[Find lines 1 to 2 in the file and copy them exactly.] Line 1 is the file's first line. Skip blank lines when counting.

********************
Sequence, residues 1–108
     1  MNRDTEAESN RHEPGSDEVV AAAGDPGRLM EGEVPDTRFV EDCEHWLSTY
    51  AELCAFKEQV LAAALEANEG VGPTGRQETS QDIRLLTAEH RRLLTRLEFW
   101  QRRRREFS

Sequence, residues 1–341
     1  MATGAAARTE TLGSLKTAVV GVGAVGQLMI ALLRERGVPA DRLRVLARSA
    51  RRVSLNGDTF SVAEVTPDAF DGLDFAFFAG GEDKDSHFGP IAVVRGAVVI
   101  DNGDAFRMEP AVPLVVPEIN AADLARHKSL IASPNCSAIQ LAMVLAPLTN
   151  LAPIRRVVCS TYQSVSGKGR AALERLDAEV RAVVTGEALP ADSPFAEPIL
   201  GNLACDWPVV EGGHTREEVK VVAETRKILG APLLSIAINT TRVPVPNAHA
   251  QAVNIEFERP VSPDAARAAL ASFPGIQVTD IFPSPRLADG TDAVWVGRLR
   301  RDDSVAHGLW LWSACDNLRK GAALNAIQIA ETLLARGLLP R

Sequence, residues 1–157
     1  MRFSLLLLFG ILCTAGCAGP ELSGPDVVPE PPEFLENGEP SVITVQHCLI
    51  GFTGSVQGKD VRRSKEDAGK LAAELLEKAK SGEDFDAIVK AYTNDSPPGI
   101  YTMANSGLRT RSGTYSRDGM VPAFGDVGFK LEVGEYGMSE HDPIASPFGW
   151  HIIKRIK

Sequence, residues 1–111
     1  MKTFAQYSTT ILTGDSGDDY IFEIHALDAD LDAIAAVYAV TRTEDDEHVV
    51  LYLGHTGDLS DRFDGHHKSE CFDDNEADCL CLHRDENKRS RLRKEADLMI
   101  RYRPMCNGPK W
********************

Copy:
Sequence, residues 1–108
     1  MNRDTEAESN RHEPGSDEVV AAAGDPGRLM EGEVPDTRFV EDCEHWLSTY